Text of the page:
Authenticity: What does it really look like?

 
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This Friday, April 26th, we’re opening our hearts and doors to teens all across the country, teens we hope are hungry for the NaSHEville message. We’ll be hosting our first She’s in the City event for high school girls, talking about genuine authenticity and the power of defining who we are in Christ rather than by the world’s impossible, equivocal standards. If you’re not local to Nashville or are unable to attend, don’t miss our FaceBook live streaming of the message from Vanderbilt Women’s Athletics’ chaplain, Courtney Grah!

We have committed to being as authentic as we can as a brand, a company, and as two girls just like you. Many days we fail, but some days we don’t. The more ladies (of all ages) we meet, the more we’ve come to realize that being authentic is often a, “you’re doing too much; do less,” kind of thing. How do we confidently take ownership of our unique attributes, gifts, and designs, while not becoming more proud of who we are than who Christ is?

Take a look at what a few of the experts (Psychology Today and Jesus) say about being authentic.


Psychology Today

According to academic and clinical metrics, people whose behavior exhibits genuine authenticity:

  1. Have realistic perceptions of reality.

  2. Are accepting of yourself and of other people.

  3. Are thoughtful.

  4. Have a non-hostile sense of humor.

  5. Are able to express your emotions freely and clearly.

  6. Are open to learning from your mistakes.

  7. Understand your motivations.

Seems fairly simple, right? But what is our standard for understanding what is realistic, thoughtful, humble, and an honest motivation?


When we’re killing it physically, but our minds and spirits are a train wreck.

Scripture

If you are a believer, you know well that the only perfect picture of authenticity (and ultimately, of anything!) is Jesus. He could never lie, cheat, or be more proud of Himself than his Father. While none of us will ever reach the bar He did, what if He became the model toward which we strive and not our measuring stick with which we judge others?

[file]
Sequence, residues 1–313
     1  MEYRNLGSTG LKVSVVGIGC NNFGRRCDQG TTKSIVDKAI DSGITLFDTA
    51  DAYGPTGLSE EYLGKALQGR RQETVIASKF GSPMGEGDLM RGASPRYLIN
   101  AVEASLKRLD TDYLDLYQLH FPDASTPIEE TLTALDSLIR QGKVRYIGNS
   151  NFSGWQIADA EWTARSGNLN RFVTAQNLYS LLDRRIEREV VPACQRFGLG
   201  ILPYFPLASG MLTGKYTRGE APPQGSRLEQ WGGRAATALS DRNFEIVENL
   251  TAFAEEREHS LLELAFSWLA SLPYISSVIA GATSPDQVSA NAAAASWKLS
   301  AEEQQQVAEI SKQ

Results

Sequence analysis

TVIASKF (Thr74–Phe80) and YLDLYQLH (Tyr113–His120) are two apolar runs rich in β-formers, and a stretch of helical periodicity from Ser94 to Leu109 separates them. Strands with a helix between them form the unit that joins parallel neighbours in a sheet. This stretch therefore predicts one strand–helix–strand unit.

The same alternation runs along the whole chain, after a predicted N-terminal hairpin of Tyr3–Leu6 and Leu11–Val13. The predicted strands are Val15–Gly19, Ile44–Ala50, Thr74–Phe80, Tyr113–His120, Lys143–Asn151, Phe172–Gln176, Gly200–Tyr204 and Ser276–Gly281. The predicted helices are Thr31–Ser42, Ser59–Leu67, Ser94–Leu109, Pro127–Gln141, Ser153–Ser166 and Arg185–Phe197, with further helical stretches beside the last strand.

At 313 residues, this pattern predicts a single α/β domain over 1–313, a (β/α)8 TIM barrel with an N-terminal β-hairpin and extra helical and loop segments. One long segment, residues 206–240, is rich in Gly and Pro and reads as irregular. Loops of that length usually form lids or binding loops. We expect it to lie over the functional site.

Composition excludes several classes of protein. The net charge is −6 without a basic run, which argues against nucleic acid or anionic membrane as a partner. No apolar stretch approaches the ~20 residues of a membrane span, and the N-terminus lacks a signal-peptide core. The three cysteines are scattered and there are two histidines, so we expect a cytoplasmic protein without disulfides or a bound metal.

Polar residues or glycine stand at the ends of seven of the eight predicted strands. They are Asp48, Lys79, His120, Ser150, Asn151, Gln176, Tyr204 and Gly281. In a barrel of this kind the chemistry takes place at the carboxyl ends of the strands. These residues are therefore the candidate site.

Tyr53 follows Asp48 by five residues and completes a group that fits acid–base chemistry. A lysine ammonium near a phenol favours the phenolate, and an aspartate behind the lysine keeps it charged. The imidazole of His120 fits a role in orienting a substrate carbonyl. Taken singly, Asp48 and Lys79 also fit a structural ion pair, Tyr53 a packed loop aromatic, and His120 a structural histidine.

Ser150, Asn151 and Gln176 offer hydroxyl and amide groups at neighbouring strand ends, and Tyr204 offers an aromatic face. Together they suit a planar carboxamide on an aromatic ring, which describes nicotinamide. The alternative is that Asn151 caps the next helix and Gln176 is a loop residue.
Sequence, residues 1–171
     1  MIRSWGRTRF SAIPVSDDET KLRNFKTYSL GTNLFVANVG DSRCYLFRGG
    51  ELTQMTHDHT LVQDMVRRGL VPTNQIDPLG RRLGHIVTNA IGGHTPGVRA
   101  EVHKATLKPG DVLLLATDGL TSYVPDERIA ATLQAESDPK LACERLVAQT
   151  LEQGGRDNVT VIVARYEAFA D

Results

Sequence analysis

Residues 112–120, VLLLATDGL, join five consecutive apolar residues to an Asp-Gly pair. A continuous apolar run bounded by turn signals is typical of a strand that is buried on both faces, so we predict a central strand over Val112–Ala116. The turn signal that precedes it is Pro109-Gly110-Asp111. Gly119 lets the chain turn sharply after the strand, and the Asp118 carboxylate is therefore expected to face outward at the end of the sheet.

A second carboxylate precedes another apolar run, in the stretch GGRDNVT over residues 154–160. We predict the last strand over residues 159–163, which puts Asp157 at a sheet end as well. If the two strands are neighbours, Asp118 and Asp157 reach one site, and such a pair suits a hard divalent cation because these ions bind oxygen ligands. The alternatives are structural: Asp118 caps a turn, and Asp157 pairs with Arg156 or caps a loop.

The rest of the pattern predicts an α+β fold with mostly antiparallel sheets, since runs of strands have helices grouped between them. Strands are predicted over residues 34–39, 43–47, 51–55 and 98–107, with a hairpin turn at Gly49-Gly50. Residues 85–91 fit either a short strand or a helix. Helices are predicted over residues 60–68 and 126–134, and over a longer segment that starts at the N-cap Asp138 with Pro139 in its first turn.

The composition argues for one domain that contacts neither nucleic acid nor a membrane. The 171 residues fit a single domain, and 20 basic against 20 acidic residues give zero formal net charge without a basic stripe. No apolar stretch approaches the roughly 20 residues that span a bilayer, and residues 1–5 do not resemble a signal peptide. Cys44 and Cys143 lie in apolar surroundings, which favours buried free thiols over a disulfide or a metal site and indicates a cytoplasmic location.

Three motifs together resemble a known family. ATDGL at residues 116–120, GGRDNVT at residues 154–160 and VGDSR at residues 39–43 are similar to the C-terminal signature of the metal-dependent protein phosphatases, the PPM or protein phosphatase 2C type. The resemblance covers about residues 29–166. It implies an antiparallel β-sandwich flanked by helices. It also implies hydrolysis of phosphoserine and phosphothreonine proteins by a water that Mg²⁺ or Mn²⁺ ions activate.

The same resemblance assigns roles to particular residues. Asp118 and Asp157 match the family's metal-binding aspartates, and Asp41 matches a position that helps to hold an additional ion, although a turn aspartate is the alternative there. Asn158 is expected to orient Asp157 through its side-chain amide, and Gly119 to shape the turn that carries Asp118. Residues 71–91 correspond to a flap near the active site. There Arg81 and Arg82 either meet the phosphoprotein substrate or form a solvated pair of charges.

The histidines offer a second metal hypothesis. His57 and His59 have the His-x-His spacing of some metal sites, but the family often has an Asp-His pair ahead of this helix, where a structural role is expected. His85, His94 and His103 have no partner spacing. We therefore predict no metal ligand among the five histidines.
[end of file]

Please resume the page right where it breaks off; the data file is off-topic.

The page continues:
Check out Jesus’s words in Luke 9:23. A pretty clear-cut picture of how we might grow into an authenticity, if you ask me:

“If anyone would come after me, let him deny himself and take up his cross daily and follow me.”

So what does that mean for us to apply this “formula” for being authentic in 2019, whether a teen struggling to find stability in who you are or a grown woman unhappy with who you’ve become?

1. Be vulnerable; be humble: “deny yourself”

 This is without question one of the hardest, most counterculture commands the Bible gives us. We are a performance and prove-yourself culture, yet all Jesus asks us to do is admit our faults, not with shaming or disgrace, but with gratitude that He loves us just as we are. As C.S. Lewis says, “Humility is not thinking less of yourself; it’s thinking of yourself less.”

 2. Embrace the hurt; hold tight the hope: “take up your cross”

Much of the disappointments and discouragements we experience come from holding higher expectations than the world can fulfill. Taking up our cross means acknowledging this disparity, not with depression and defeat, but with perseverance and hope that through trial can come great strength, integrity, and hope.

3. Follow the leader: “follow Me”

Keep your eye on the ball. That’s the age-old and ever-effective strategy for baseball, tennis, and many other sports. What Jesus wants us to know is that to be authentic – to be true and real and confident yet not arrogant in who we are – all we need to do is keep our eye on the ball. Look to the One who did it perfectly, accept that we never will, and believe that He will us do the best we can.


Share with teens you love to secure their seats HERE!

Location @:

FRANKLIN ROAD ACADEMY
4700 Franklin Pike, Nashville, TN 37220
Seabury Family Conference Center (#11 on map)


 
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